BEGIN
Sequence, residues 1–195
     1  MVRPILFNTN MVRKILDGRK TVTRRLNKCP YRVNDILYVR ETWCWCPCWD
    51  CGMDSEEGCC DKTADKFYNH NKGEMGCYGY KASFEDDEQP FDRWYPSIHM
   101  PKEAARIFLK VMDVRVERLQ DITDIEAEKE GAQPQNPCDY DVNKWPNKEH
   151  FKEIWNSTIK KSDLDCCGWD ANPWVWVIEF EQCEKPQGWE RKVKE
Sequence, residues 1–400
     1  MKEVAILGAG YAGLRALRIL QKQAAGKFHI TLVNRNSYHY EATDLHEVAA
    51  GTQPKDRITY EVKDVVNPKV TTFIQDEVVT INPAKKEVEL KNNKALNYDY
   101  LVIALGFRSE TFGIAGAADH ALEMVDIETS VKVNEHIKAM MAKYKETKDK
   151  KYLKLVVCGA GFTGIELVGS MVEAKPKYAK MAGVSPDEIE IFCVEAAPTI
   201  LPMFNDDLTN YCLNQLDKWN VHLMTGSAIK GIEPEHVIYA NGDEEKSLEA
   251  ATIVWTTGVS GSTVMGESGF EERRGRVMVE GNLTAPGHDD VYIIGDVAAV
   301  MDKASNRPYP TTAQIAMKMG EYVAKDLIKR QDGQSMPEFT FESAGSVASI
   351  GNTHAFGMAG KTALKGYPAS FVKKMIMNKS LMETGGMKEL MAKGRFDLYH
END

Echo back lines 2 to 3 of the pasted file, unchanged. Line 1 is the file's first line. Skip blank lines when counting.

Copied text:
     1  MVRPILFNTN MVRKILDGRK TVTRRLNKCP YRVNDILYVR ETWCWCPCWD
    51  CGMDSEEGCC DKTADKFYNH NKGEMGCYGY KASFEDDEQP FDRWYPSIHM